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The Jerusalem Post, which reported that Ben-Yehuda would have been the youngest Israeli to reach Everest's summit, spoke to Irmak by telephone during the dinner that Goder hosted.
"I don't know what the hell is going on between the two countries," the newspaper quoted Irmak as saying. "I don't care about that. I talked to his (Ben-Yehuda's) family today and I told them you have another family in Turkey and America."
Ben-Yehuda, who spoke to the AP just before leaving Nepal for urgent medical treatment in Israel, said he could not say with certainty how he would have reacted if he had come across a stricken climber he did not know. Oxygen is in such short supply and the conditions are so harsh, he said, that people on the mountain develop a kind of tunnel vision.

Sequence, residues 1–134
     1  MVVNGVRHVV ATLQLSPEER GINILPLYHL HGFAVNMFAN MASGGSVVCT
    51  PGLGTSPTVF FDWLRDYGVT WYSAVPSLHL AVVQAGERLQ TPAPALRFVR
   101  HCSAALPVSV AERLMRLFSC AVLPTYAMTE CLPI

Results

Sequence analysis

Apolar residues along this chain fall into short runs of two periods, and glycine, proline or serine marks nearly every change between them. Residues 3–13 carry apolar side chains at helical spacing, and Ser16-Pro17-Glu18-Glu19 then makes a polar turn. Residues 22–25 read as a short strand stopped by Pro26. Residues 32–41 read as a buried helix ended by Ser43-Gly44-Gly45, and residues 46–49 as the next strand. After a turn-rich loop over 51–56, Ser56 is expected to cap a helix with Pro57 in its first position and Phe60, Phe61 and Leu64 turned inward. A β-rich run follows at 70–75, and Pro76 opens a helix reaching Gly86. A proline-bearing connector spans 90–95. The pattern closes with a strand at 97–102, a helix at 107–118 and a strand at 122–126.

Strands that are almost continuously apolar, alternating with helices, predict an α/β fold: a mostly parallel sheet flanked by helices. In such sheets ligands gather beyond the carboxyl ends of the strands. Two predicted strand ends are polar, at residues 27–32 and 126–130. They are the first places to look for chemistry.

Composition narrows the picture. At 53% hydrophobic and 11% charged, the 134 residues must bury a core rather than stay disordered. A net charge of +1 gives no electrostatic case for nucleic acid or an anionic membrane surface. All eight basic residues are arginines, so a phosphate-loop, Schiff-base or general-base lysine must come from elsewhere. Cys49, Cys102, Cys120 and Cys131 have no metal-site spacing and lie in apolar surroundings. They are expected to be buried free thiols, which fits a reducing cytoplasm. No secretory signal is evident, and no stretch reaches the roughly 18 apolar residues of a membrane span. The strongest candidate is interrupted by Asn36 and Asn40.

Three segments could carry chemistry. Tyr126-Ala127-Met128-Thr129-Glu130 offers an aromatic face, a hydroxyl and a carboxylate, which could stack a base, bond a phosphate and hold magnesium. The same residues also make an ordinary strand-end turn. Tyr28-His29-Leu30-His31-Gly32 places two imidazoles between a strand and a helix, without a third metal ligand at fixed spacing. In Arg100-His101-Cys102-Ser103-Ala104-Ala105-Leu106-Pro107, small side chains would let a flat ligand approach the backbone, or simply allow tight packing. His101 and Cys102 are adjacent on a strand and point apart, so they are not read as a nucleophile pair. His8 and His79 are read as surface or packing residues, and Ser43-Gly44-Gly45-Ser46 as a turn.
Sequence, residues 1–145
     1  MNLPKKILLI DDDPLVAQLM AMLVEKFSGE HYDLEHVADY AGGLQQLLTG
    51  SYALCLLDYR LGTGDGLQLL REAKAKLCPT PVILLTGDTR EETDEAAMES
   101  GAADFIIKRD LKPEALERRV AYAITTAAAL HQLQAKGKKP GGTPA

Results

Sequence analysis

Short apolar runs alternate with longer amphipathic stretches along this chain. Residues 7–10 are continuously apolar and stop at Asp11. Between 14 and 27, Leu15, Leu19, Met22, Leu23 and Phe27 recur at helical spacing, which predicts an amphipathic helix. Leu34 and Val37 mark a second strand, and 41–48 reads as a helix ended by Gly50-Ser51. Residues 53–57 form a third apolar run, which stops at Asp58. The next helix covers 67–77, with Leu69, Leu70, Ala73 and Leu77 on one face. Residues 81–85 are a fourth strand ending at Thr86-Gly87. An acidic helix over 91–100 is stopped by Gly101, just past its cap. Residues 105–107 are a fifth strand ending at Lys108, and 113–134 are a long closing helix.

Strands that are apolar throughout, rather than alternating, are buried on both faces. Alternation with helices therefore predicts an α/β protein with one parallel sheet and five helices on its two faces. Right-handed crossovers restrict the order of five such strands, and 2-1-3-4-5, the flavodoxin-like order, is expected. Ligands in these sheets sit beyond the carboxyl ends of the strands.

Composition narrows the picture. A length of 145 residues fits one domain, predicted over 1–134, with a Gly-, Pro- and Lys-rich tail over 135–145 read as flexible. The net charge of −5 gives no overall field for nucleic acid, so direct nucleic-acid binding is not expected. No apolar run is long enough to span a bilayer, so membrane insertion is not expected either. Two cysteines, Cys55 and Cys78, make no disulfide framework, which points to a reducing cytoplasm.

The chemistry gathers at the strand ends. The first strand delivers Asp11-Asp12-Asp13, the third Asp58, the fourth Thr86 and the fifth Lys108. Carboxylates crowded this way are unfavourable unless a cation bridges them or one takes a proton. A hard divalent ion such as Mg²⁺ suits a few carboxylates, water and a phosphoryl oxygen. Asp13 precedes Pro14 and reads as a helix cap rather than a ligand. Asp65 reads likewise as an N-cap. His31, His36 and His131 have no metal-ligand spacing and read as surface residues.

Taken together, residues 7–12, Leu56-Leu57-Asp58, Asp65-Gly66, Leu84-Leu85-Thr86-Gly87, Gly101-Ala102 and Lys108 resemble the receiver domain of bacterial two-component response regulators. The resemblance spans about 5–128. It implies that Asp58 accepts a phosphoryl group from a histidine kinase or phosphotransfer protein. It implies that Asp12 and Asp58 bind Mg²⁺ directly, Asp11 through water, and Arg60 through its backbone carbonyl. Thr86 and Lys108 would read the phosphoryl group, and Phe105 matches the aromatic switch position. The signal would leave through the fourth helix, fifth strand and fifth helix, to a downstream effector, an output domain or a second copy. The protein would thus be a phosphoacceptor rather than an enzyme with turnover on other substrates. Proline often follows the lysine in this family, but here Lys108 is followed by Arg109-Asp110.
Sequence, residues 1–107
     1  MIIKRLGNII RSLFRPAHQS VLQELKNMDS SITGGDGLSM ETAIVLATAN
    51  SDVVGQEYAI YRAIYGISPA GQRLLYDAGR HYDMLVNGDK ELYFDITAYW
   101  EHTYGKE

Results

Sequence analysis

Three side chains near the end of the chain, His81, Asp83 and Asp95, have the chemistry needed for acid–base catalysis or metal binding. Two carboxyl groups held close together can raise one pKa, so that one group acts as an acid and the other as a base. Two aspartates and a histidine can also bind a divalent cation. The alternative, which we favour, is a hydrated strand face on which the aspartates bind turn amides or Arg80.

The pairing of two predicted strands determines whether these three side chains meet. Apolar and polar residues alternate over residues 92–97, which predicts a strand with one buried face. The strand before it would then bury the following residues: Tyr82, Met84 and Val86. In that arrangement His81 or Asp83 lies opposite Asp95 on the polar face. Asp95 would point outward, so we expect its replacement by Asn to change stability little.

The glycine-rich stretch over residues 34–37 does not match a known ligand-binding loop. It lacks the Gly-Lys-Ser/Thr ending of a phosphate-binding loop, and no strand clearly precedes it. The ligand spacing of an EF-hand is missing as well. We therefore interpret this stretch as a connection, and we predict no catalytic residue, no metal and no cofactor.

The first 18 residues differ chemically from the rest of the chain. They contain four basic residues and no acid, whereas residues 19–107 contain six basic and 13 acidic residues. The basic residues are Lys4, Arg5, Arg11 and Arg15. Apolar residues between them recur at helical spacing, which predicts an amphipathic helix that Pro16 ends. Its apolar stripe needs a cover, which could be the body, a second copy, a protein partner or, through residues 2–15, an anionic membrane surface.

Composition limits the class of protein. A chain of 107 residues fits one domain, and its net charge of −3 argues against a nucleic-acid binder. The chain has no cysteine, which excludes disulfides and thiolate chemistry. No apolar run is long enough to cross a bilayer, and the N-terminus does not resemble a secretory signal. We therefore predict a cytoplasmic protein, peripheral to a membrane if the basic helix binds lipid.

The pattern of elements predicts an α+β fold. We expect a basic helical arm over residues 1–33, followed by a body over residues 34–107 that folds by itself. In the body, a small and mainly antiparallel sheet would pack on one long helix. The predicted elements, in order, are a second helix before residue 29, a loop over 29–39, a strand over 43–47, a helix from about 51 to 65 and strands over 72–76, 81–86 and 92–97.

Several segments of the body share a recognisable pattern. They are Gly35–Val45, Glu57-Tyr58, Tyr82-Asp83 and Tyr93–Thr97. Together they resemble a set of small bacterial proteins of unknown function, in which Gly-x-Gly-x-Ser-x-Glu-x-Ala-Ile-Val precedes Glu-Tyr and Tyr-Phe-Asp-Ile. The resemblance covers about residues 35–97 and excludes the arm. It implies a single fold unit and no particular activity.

"You just think about breathing, about walking, about climbing," he said. According to Ben-Yehuda, the fundamental questions going through the mind of a climber heading for the peak are: "Are you going to make it?" and "When is the right time to turn back?"
And once a climber begins the descent, the all-embracing question becomes: "How fast can I go down?"
Ben-Yehuda said his military training in Israel helped shape his reflexive decision to rescue Irmak. "You never leave a friend in the field," he said.
Copyright 2012 The Associated Press. All rights reserved. This material may not be published, broadcast, rewritten or redistributed.
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